HO CHI MINH CITY — Vietnam’s biggest mobile carrier will start selling a range of digital services from cloud computing to cyber protection as part of a dramatic rebrand announced on Thursday.

The military-owned Viettel said it is looking to shed its image as a “trustworthy but slow middle-aged man” to attract a younger generation of customers. In addition to an expanded lineup of services, the company also unveiled a new logo and slogan.

While mobile technology such as 5G remains a priority for Viettel, it will now do business in six areas: digital infrastructure, solutions, content, finance, cybersecurity, and research and development.

The move is part a global trend of telcos expanding far beyond phones and internet cables, according to one analyst.

“Once we determined that Viettel’s mission is to be a pioneer and key player in building a digital society in Vietnam, our digital business could not be weak or secondary,” said Le Dang Dzung, CEO of Viettel Group, one of the country’s few corporations with global operations.

The company already runs data centers in Vietnam and Myanmar, so moving into cloud services is a “natural extension” for Viettel, said Kim Andreasson, co-founder of DAKA advisory, a digital consultancy for public- and private-sector clients. More broadly, he said, offering a wider suite of services is a “wise move” that tracks the global trend.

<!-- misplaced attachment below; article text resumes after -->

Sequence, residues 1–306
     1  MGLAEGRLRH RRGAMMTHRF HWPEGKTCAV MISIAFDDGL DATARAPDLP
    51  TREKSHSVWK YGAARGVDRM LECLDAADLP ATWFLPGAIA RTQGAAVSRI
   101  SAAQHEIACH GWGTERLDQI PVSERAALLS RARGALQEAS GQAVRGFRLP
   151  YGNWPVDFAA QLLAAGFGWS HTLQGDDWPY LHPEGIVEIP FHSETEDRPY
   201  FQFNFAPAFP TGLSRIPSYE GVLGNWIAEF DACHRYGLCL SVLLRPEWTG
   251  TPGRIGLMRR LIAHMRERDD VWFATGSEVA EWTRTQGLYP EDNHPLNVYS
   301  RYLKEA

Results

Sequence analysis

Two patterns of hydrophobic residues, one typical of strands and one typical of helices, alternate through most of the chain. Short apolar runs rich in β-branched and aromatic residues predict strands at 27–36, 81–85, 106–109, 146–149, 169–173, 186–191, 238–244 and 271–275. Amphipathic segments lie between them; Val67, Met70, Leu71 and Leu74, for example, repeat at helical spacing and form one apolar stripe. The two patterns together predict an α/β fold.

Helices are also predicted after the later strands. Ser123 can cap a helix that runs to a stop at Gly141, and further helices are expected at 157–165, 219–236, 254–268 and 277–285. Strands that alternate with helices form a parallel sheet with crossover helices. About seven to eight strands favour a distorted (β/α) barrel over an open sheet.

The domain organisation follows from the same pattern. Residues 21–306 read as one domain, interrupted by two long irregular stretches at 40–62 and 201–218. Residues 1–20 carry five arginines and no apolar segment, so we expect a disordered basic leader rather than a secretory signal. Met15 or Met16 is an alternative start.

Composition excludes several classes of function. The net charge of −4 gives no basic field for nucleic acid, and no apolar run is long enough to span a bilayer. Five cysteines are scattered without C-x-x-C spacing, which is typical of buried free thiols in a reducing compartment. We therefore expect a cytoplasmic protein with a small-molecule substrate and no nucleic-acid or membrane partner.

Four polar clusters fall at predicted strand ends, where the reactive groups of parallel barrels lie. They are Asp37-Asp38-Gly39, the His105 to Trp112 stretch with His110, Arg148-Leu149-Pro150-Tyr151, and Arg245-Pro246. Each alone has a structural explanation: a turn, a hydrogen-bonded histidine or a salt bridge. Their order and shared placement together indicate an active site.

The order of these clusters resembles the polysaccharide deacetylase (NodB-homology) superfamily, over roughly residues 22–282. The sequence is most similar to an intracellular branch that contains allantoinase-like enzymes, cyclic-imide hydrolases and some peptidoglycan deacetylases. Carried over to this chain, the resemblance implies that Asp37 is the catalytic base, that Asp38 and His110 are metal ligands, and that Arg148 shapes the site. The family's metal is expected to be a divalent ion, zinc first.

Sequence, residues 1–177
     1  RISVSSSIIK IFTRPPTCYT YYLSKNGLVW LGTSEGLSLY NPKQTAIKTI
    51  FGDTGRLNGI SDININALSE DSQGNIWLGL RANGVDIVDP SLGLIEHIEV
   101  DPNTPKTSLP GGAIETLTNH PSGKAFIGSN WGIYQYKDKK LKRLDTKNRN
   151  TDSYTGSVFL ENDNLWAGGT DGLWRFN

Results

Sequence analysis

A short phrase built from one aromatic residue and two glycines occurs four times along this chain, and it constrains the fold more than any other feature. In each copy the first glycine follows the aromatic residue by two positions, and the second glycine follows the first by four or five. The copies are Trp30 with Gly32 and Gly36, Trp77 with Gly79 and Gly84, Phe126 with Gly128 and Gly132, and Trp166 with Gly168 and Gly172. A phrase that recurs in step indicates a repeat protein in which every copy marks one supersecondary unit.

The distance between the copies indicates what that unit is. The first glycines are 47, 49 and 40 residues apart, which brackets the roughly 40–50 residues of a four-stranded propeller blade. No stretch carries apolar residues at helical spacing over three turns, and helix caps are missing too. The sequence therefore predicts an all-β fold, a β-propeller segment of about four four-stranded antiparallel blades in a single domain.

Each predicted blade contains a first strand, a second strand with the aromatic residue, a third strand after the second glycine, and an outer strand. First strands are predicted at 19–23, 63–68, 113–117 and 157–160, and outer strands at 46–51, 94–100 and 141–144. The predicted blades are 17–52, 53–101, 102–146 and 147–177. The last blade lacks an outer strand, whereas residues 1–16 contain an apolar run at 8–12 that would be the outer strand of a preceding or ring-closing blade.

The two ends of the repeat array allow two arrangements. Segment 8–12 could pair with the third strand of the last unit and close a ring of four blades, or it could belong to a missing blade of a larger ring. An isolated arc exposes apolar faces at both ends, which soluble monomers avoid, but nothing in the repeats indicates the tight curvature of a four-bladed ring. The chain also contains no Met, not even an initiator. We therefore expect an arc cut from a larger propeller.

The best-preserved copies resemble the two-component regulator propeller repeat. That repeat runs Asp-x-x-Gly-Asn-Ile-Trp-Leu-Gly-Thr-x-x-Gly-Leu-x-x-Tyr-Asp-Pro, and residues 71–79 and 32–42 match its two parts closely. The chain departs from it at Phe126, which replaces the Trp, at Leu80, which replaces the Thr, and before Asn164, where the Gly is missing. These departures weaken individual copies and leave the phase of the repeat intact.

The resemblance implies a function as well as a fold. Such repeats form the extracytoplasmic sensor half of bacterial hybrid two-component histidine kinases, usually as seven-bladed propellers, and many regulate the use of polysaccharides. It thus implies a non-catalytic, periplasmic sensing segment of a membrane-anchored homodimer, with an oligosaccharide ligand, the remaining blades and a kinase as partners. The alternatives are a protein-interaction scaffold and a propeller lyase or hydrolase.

“A telco is no longer just a telco,” Andreasson told Nikkei Asia. “Hence it would make sense to rebrand and offer value-added services, rather than have another company come in and seize on those revenue opportunities.”

Viettel’s old orange-and-green icon has been updated with a youthful blood-red, while the original slogan of “Say it your way” has been trimmed to the last two words to convey flexibility.

Viettel serves 41% of Vietnam’s mobile subscribers, outflanking two other state-owned enterprises, Mobifone at 34% and Vinaphone at 22%, according to the research arm of telco lobby GSMA. The two smaller players are among the more than 100 sate enterprises the government has slated for privatization. These plans have faced repeated delays and setbacks, including the 2019 life sentence handed to an ex-minister in a Mobifone corruption case.

The panoply of services Viettel now offers includes telemedicine and enterprise software, such as electronic invoicing, document digitization and machine learning analysis to help clients make business decisions.

In announcing the company’s pivot, Dzung invoked the likes of tech giants Samsung and Facebook, which he said often “refresh” their businesses. Viettel provides mobile service in 11 countries, including Cambodia, Myanmar, Peru and Tanzania.